By: Ashley Ann Wolfe

December 15, 2020

A national, BIPOC-focused analysis of survey data from Wave 1 of Culture + Community in a Time of Crisis: A Special Edition of Culture Track

This report, released in December 2020, presents our analysis of response patterns by race and ethnicity in the first phase of Culture + Community in a Time of Crisis (CCTC), a national audience and community survey conducted in the early months of the Covid-19 pandemic. Authors Jen Benoit-Bryan, Madeline Smith, Matthew Jenetopulos, and Peter Linett explore how and why Americans of all racial/ethnic groups connect to arts, culture, and creativity; what they need from the sector during times of challenge and change; how they’ve engaged digitally during the lockdowns; and how they want arts and culture organizations to change. The 56-page report includes an executive summary, introduction, findings, “snapshots” for each racial and ethnic group, a concluding discussion, and several appendices (see below), with a foreword by the distinguished museum educator Esther J. Washington of the Smithsonian’s National Museum of African American History and Culture.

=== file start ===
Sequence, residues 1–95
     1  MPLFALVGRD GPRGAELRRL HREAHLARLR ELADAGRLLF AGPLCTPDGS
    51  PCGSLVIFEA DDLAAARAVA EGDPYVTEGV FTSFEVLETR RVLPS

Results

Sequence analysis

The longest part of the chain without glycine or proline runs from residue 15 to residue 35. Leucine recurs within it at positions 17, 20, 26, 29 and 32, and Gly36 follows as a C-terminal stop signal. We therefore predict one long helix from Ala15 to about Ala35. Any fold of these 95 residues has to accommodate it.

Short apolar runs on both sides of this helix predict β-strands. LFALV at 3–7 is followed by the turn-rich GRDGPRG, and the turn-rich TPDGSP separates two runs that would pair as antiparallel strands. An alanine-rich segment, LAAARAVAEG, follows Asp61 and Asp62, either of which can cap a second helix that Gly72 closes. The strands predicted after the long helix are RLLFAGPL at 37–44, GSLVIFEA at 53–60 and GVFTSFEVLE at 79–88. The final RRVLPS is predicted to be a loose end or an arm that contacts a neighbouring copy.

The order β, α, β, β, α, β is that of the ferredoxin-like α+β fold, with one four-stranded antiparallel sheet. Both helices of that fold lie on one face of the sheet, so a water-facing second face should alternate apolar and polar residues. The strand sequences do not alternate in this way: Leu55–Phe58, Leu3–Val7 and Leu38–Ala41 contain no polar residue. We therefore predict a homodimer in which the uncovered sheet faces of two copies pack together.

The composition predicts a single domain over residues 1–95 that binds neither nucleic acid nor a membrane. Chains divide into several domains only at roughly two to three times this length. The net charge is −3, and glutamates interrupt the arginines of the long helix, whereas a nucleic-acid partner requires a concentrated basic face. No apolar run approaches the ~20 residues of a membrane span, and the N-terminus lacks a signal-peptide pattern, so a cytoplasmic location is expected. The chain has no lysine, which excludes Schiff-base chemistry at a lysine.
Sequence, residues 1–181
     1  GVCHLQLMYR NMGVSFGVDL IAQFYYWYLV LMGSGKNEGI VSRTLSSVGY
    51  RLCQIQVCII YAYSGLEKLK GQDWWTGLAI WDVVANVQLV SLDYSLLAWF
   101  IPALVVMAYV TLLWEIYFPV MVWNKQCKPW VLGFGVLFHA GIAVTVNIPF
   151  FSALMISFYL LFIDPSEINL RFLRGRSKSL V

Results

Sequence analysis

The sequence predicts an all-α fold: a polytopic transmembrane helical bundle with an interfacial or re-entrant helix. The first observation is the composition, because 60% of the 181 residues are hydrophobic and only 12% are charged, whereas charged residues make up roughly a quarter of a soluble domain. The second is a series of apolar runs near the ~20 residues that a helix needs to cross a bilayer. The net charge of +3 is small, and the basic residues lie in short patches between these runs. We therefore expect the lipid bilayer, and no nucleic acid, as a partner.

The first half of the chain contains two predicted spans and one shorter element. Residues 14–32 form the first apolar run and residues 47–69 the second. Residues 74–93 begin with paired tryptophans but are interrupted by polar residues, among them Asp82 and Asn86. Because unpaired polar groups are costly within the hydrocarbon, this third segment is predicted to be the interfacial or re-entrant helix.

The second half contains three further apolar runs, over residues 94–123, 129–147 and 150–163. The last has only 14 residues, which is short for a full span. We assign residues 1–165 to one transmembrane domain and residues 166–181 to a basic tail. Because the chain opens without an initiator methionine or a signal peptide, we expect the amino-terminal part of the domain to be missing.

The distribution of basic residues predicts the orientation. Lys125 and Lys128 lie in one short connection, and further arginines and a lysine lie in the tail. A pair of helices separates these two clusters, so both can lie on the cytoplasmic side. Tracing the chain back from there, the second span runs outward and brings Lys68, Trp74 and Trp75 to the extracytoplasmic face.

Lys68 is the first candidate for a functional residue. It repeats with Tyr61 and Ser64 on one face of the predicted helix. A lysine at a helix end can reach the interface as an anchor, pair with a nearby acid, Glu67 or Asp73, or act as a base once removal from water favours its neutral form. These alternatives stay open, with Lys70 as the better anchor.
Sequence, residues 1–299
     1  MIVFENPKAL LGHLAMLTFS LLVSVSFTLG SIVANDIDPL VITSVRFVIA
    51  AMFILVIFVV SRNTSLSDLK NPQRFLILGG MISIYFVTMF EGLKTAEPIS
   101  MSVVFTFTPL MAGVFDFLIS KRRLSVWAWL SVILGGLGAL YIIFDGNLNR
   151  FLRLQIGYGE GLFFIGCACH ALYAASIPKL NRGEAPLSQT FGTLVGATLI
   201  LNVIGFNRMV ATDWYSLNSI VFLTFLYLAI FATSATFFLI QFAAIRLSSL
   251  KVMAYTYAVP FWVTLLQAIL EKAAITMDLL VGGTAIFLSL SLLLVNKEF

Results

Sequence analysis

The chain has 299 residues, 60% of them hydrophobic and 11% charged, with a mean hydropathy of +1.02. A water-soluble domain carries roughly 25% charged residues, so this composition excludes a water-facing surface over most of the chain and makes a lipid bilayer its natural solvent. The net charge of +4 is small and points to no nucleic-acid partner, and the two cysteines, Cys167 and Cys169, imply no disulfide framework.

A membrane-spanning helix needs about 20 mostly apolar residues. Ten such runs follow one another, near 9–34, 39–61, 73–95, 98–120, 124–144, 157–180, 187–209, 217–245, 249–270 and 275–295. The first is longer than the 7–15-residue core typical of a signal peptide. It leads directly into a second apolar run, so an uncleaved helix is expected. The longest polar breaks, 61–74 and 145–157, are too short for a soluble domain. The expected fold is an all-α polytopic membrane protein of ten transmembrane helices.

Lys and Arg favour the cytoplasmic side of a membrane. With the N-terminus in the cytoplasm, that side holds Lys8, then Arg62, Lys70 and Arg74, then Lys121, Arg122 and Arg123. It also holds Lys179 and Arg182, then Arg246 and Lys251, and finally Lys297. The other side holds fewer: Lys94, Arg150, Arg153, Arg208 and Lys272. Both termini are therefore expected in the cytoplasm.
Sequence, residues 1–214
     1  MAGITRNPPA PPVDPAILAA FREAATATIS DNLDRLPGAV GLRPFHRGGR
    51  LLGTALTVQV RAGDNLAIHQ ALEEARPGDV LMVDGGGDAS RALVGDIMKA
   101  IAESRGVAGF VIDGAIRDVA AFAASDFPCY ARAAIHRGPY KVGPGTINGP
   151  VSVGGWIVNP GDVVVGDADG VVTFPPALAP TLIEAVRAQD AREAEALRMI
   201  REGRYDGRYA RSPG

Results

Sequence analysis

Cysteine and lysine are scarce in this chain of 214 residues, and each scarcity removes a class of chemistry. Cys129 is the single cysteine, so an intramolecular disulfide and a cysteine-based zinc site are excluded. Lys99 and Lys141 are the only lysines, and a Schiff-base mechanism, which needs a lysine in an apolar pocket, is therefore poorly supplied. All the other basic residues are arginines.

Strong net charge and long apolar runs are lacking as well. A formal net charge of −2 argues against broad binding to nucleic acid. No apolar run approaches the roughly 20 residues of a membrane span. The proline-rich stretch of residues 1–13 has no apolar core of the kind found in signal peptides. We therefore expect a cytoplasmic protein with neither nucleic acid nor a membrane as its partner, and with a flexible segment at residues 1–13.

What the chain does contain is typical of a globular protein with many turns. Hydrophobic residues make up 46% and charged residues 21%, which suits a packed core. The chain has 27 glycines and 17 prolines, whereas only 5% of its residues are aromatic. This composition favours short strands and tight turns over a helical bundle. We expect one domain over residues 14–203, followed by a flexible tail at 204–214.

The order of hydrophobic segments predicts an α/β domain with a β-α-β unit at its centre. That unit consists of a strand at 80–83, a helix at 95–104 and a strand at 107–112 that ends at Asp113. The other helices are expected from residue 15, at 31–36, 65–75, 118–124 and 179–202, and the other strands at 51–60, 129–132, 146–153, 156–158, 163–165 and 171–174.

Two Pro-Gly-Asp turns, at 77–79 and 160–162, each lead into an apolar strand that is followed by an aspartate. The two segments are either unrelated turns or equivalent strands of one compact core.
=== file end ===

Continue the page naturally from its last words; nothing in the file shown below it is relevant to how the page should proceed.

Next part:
CCTC is a multi-phase research collaboration between Slover Linett and LaPlaca Cohen, with key findings disseminated as part of LaPlaca Cohen’s ongoing Culture Track study. Generous funding or support for Wave 1 was provided by the Wallace Foundation, Terra Foundation for American Art, Art Bridges, FocusVision, and Microsoft Corporation. This report builds on the overall Key Findings shared with the field in July 2020.

Please click the images below to view or download the report and appendices. The authors welcome questions and comments at

Centering the Picture: Full Report

Image of report cover - Centering the Picture, The role of race and ethnicity in arts and culture engagement - CCTC Slover Linett

Appendix A-D - Methodology, analytical models, and select data tables

Data Snapshots by Race and Ethnicity

Appendix E: All tables by race and ethnicity

Report cover image: “Dance For George” protest in Harlem, New York City, June 2020. Courtesy of Deb Fong Photography (Instagram @deb_fong_photography;

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